Lottery Jackpot

A large cash prize in a game or lottery, especially one that accumulates until someone wins it. The term jackpot is also used for similar prizes in other games, including poker and blackjack, as well as some sports events. The winner of a lottery jackpot is generally expected to choose an annuity payment, where the winnings are paid out in annual installments over 29 years, or a lump sum. When choosing between the two options, a winner should consider the time value of money as well as income taxes withholdings, which can significantly reduce the final payout.

Enormous lottery jackpots are becoming more common as players buy tickets at record levels. The current Mega Millions jackpot has reached $1.28 billion, a figure most of us can barely comprehend. The size of the prize is not accidental, according to Victor Matheson, an economics professor at the College of the Holy Cross. He told CBS MoneyWatch that the Multi-State Lottery Association, which oversees the Powerball and Mega Millions lotteries, intentionally designs its games to generate bigger jackpots.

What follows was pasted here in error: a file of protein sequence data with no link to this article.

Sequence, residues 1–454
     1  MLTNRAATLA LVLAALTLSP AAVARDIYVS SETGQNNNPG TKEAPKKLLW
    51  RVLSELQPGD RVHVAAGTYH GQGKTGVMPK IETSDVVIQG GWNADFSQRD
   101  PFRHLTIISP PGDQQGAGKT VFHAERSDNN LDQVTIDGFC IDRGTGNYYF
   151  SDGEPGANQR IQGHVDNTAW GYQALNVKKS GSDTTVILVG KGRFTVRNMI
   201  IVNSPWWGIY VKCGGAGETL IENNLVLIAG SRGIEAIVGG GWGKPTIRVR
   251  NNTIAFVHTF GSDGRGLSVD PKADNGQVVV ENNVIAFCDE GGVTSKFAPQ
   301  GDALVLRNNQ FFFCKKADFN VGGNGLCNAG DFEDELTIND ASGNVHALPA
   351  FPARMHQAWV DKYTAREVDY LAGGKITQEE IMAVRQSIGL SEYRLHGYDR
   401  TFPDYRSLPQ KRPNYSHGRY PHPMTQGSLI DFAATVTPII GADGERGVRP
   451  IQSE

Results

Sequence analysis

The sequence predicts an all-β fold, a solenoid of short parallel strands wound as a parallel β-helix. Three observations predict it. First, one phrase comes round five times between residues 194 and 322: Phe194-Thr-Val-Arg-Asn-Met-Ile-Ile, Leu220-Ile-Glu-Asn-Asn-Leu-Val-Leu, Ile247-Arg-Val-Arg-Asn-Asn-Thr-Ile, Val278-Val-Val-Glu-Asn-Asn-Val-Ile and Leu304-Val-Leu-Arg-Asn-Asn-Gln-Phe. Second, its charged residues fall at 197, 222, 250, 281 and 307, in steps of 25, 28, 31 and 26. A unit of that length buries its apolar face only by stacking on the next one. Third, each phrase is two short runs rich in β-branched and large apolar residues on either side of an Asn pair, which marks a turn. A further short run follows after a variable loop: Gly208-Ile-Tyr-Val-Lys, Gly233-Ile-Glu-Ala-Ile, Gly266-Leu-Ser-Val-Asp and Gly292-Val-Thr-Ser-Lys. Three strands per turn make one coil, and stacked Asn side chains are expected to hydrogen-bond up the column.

How a winner handles the payout of their jackpot prize requires careful consideration, and probably the advice of experts. For example, accountants can help with tax planning and filings, while lawyers can provide guidance on property transfers and other legal issues. In addition, a lawyer can also be helpful in deciding whether to hire a trust or a private foundation to manage the money. If you plan to use your jackpot to buy a new home, for example, you may want to hire an architect to help you with the project and negotiate a fair price.